After the Riverhead Planning Board made public its plan to reschedule a public hearing on a site plan application for 680 Elton Street, where a firearms dealer is planning to open a gun shop and indoor shooting range, Supervisor Yvette Aguiar stepped in to stop the hearing from going forward.
Aguiar said in an interview this afternoon she directed the Planning Board not to hold a public hearing on the application yet and Planning Board Chairperson Joann Waski agreed.
“It’s off the agenda,” Aguiar said.
Aguiar said the proposed code revision is going to the code revision committee “where it belongs,” and when it’s revised, “there will be a public hearing.”
Waski could not be reached for comment.
The Planning Board agenda posted on the town website listed a resolution scheduling a public hearing on the 680 Elton Street site plan, though the packet of draft resolutions also posted on the town website did not include the resolution listed on the agenda.
A June 2 hearing on the site plan was adjourned because planning staff said the town was not initially made aware that a tenant planned to operate a retail gun shop there. The site is located in the Commercial Residential Campus (CRC) zoning use district, which does not allow retail uses, except as “customarily incidental” to a use allowed by the code.
Anthony Niosi, a principal in Niosi Firearms Development, a tenant at the Elton Street site, confirmed today his proposed uses there have not changed.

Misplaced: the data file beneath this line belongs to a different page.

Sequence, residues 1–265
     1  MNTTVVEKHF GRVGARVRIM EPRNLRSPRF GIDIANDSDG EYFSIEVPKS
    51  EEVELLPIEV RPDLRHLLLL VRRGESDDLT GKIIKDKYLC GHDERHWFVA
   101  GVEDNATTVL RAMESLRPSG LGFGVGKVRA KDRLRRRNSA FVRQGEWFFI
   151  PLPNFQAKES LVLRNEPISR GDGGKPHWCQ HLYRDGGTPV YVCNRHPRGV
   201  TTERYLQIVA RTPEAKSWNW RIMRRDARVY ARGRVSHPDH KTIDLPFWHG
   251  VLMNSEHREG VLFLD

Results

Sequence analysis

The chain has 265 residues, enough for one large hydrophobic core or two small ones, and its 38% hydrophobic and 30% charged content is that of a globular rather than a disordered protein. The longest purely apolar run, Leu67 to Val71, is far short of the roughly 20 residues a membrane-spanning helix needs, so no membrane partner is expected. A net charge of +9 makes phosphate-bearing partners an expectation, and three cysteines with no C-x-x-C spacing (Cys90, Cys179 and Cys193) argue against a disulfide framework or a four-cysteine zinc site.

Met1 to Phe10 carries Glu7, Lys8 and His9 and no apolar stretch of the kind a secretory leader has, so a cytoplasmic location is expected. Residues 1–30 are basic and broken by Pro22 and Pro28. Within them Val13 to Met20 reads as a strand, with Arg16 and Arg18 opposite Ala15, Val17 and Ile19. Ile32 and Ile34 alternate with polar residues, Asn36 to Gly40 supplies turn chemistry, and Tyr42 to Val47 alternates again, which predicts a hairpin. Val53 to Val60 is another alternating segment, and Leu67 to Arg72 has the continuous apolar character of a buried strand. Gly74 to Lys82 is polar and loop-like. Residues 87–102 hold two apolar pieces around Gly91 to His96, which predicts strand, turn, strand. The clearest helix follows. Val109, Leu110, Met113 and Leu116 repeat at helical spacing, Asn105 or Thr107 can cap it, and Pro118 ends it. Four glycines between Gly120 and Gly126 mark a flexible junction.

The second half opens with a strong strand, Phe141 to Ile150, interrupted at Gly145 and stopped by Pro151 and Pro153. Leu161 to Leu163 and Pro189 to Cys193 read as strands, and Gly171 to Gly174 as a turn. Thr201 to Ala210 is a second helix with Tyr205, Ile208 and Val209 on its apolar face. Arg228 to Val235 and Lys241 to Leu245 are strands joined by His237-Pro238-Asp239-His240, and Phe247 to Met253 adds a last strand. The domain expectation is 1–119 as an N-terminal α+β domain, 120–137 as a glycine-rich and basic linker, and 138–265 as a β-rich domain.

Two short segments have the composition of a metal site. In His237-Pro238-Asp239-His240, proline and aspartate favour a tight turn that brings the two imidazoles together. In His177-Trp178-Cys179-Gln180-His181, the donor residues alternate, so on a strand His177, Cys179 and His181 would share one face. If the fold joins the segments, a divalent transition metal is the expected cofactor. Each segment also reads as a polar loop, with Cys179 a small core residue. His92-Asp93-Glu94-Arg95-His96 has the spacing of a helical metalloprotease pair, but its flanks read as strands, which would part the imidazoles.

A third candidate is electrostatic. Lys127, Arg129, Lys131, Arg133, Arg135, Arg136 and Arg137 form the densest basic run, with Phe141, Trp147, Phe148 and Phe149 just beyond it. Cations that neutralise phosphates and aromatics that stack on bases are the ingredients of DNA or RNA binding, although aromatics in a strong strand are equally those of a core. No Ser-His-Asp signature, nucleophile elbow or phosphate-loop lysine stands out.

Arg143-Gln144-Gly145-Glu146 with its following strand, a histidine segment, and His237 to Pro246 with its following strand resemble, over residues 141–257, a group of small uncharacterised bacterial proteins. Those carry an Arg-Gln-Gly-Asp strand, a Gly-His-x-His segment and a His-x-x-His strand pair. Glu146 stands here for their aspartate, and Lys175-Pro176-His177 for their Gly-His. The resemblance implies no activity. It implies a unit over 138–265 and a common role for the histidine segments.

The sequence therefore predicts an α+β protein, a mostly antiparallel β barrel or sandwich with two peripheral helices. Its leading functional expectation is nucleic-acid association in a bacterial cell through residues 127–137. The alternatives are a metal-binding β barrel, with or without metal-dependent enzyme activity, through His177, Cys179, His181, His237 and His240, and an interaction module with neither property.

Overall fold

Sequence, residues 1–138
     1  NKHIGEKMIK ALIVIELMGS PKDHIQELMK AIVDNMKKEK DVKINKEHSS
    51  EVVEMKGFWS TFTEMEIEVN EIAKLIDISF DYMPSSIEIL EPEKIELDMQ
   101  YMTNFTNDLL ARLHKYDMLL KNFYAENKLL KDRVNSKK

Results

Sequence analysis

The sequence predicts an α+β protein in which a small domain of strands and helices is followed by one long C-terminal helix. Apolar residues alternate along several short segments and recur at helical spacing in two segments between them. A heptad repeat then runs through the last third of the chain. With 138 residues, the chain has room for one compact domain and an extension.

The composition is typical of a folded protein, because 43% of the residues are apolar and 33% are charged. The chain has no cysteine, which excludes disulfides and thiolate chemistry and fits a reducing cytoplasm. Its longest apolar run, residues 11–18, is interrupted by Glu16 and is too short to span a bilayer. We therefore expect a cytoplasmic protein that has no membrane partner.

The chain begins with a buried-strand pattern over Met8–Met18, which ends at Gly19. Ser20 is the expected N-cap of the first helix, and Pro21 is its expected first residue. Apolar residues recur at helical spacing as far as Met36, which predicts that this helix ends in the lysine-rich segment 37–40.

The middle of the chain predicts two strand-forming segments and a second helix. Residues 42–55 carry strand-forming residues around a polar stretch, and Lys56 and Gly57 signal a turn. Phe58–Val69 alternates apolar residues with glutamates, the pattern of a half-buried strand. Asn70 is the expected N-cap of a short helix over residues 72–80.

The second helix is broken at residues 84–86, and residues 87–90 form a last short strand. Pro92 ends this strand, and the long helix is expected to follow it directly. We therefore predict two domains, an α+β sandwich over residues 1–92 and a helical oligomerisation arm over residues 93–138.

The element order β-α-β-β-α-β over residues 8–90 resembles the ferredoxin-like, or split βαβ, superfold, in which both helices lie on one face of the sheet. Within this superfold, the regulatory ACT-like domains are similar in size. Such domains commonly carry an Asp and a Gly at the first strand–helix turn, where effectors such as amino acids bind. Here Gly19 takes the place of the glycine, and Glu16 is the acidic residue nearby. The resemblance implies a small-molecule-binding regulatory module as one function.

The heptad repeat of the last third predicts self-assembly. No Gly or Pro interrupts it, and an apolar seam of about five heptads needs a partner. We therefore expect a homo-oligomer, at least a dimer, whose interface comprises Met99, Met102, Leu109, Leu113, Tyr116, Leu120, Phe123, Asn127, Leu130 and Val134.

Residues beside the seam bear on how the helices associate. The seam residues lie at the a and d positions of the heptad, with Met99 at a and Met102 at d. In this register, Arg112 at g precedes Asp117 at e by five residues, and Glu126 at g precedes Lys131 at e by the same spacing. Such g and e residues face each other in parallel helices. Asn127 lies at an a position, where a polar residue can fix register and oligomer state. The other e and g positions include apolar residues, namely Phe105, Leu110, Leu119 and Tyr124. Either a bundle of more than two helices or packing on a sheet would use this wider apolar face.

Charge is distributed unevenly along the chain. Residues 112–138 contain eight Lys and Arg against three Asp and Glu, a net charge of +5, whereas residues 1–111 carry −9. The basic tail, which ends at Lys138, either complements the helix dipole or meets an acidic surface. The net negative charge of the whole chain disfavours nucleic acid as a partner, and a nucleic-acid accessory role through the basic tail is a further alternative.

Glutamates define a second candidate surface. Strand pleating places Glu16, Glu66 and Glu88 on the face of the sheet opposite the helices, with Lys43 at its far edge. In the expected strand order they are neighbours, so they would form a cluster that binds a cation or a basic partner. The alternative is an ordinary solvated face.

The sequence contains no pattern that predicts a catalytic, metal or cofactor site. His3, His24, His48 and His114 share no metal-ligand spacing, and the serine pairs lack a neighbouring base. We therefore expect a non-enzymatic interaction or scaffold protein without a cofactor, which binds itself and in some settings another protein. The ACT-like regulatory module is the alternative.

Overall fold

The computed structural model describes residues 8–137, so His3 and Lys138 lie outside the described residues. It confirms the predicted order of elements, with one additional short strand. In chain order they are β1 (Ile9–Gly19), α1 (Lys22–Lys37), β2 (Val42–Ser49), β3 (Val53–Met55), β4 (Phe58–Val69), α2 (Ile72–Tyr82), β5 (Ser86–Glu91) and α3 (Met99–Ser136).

Though Riverhead Planner Greg Bergman said at the June 2 meeting the town was not aware of the gun shop component of the plan, Niosi had actually disclosed to the Planning board during a presentation in April that his company would offer firearm sales at the site. Bergman said on June 2 the applicant would have to submit a new application.
“It’s kind of funny,” Niosi said in a phone interview this afternoon, “because if you think about it, I wasn’t moving a range seven miles so I can add a store. I was moving a store seven miles so I can add a range.” Niosi Firearms had a retail shop in the Hampton Business District near Gabreski Airport in Westhampton Beach. “So to say you didn’t know, there’s going to be gun sales there, I mean, you know, how do you miss that?”
Nevertheless, Niosi said, the landlord Signature Partners is pursuing the site plan application and a change of use for the building, which would also house an HVAC warehouse and office space.